Does type 2 diabetes run in your family, and you’re worried about your risk of developing this common condition? Perhaps you’re dealing with elevated blood sugar levels or have a desire to proactively manage them. Now’s the time to start! The earlier you begin, the less damage you’ll sustain from insulin resistance and having a high blood sugar level.
What’s the objective? A wealth of research findings and expert consensus reveals a connection between weight loss and preventing type 2 diabetes. Carrying excess weight, especially around the middle, increases low-grade inflammation and fuels insulin resistance, making it harder to control your blood sugar.
Let’s delve into the benefits that come with shedding surplus pounds and why it’s the most effective strategy for fighting insulin resistance and type 2 diabetes.
Weight Loss Improves Insulin Sensitivity
If you’re dealing with insulin resistance, a precursor to prediabetes and type 2 diabetes, it’s time to make lifestyle changes. And, as science shows, one of the most effective changes you can make is to lose weight, assuming you’re overweight. When you carry excess weight, especially around your mid-section, insulin resistance sets in. This common condition interferes with your body’s capacity to utilize insulin efficiently, resulting in higher insulin levels that are harmful to your metabolic health.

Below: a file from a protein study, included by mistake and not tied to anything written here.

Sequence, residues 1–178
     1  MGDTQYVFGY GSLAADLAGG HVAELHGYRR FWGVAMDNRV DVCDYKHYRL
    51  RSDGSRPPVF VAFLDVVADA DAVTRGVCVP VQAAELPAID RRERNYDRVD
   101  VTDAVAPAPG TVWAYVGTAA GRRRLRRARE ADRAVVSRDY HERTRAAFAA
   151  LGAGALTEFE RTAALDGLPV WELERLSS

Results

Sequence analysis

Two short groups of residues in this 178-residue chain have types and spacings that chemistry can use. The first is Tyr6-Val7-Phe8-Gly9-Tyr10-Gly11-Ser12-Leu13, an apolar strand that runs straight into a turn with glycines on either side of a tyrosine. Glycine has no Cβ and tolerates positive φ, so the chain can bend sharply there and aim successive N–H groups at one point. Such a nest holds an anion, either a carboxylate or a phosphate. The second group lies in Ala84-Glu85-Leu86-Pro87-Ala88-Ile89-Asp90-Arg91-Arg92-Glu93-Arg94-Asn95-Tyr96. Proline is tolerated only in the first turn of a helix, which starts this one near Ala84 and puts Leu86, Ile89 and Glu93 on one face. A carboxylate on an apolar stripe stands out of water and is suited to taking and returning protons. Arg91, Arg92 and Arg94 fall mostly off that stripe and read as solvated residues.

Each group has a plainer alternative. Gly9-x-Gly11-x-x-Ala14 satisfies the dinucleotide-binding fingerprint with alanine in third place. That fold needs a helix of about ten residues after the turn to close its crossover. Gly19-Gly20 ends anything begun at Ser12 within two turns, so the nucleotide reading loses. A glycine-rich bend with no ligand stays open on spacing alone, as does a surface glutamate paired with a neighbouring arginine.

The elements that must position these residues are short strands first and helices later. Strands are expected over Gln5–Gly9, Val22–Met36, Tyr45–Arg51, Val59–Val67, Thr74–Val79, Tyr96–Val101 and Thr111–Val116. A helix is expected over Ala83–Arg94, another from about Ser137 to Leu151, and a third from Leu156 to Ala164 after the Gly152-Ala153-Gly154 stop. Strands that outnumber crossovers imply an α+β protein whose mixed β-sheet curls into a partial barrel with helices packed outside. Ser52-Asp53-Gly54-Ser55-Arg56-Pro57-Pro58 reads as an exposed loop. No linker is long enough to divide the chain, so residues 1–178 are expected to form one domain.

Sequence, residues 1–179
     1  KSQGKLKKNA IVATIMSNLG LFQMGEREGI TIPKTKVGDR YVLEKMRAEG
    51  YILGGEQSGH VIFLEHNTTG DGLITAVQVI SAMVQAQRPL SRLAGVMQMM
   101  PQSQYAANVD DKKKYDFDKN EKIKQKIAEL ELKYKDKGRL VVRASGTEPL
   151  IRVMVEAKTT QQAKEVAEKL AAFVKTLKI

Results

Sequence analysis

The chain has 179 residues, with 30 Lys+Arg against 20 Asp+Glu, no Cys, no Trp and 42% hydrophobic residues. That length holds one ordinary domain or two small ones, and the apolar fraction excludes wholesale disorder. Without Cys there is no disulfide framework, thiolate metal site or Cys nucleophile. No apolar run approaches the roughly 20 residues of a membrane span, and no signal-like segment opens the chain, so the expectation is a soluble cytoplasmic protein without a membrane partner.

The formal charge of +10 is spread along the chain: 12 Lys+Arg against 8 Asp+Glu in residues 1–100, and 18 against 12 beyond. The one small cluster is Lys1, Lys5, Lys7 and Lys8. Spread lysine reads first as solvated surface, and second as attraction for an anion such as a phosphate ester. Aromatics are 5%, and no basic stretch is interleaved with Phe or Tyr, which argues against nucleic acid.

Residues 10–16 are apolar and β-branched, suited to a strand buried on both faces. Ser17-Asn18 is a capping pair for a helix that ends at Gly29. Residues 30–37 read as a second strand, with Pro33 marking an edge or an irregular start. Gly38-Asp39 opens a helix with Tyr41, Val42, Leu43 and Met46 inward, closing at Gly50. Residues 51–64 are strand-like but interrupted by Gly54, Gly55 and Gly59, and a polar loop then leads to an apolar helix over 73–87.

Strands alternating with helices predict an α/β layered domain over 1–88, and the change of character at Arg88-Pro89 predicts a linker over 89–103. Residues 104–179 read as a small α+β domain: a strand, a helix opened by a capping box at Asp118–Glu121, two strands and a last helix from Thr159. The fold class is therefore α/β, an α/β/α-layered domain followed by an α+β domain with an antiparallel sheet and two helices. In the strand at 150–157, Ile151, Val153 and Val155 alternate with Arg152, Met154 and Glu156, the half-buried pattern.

Imagine insulin resistance as a malfunctioning lock on a door. In this scenario, the key (insulin) struggles to turn and unlock the door. Consequently, you require more and more keys (higher insulin levels) in an to open the door. Yet this process is inefficient and leaves you with an excess of keys (extra insulin) circulating in your system, which isn’t conducive to health.
But once you shed a modest amount of weight, your insulin sensitivity improves, along with your blood sugar and risk of developing type 2 diabetes. So, in essence, the journey towards a healthier weight can significantly impact your diabetes risk by improving your body’s insulin response.
Weight Loss Improves A1C Values
The A1C test gauges your average blood sugar levels over the past 2-3 months. Weight loss can lead to better A1C results, indicating enhanced blood sugar regulation. Research indicates that each kilogram of weight loss corresponds to a 0.1 percentage point reduction in A1C levels. This reduction signifies improved glucose control. Therefore, weight loss not only enhances glucose processing within your cells but also lowers the risk of type 2 diabetes and its progression if you already have it.